WEMMA
West of England Metals and Materials Association
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What’s in my stuff?

Karen Vernon-Parry, Sheffield Hallam University

Venue: Bristol University - Room TBA

March 2015

In today’s developed societies we all own an unprecedented amount of “stuff” and nothing is more representative of this than our ownership of mobile phones. The increasing numbers of aspirational middle class populations in both developed and developing nations suggests these numbers will continue to grow significantly. While our desire for the latest model and functionality appears to grow unabated the recycling rate of mobile devices is remarkably low. It is our general ignorance of the chemical elements contained within a device, many of which are classed as strategically important elements, that is of great concern. What’s In My Stuff? is an interdisciplinary research project which brings together science and art in a creative and multi-sensory way, extending traditional boundaries that uses the ubiquitous technology of the mobile phone to explore the public’s relationship with modern day technology, its attitude to the source and recycling of often rare or precious chemical elements and how our knowledge of “what’s in our stuff” can influence the rates of recycling and ownership.

Bits of phone Elements

Karen Vernon-Parry studied Materials Science at Oxford University where she completed her DPhil on the microstructure and properties of superconducting thin films. After a post-doctoral position at Oxford, she moved to the University of Manchester and then to UMIST. She came to Sheffield Hallam University in 2004 where she became a Senior Lecturer in 2006 and a Principal Lecturer in 2013.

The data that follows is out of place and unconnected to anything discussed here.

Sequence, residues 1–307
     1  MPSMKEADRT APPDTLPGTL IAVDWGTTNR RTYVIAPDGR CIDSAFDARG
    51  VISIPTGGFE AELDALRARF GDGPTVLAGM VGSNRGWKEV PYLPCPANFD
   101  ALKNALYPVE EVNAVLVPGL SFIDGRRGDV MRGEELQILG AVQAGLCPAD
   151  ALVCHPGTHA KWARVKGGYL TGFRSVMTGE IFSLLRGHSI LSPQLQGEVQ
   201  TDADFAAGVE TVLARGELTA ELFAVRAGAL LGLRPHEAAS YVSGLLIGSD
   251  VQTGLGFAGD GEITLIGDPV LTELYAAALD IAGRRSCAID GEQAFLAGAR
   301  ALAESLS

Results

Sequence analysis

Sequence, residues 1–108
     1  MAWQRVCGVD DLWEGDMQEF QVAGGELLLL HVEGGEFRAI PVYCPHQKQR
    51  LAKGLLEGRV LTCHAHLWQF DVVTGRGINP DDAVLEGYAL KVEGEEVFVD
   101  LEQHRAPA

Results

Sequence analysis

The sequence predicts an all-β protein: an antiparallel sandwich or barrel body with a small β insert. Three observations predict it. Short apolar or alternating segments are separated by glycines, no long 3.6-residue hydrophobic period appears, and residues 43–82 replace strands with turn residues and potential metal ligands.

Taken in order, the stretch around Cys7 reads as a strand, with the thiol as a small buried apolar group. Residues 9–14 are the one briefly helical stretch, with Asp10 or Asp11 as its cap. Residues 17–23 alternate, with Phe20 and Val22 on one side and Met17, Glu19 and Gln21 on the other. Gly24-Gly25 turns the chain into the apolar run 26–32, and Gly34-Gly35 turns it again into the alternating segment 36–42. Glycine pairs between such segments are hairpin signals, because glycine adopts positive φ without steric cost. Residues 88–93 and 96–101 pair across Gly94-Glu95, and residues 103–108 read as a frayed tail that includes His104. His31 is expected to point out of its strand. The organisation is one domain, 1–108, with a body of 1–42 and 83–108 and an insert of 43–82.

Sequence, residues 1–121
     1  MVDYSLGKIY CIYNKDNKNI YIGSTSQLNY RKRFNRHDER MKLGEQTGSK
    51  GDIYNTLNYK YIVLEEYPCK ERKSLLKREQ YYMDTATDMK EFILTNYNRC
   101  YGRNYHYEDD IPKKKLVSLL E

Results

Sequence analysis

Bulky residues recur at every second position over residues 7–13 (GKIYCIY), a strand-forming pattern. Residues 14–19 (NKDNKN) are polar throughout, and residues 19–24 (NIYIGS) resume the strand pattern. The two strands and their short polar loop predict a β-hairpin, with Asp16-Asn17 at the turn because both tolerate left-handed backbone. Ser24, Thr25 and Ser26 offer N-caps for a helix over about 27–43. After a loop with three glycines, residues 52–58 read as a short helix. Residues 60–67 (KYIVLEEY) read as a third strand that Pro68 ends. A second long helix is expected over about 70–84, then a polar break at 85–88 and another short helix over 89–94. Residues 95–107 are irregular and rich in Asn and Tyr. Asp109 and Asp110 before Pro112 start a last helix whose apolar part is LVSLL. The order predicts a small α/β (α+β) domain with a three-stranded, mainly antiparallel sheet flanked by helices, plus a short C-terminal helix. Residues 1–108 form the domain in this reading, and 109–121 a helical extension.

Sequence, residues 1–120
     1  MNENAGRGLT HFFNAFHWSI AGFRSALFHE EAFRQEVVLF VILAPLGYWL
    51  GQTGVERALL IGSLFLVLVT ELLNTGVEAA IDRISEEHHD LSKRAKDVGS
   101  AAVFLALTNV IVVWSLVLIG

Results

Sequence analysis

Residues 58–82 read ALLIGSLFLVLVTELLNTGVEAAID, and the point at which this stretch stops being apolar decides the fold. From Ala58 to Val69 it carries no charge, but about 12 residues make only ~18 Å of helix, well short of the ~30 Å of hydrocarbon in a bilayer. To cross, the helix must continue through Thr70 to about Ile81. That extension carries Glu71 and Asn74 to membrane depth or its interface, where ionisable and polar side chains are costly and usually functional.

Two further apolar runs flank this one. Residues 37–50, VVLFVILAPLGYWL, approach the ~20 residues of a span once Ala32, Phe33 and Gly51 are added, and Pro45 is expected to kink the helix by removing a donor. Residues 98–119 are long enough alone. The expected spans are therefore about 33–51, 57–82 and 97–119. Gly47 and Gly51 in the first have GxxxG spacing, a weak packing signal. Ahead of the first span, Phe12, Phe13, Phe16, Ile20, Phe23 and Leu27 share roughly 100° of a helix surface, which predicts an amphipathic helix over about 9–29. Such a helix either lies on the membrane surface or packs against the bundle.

Karen's research interests are in the relations between the structures and the physical properties of materials at the atomic scale which she has investigated in functional ceramics, aluminium alloys and semiconducting materials. Karen is a STEM ambassador and runs activities on topics as diverse as the quickest way to rescue Lego people trapped in ice, how to detect fake pound coins and the chemical elements found in technology.

The talk will be followed by a discussion.

Members and non-members are welcome.



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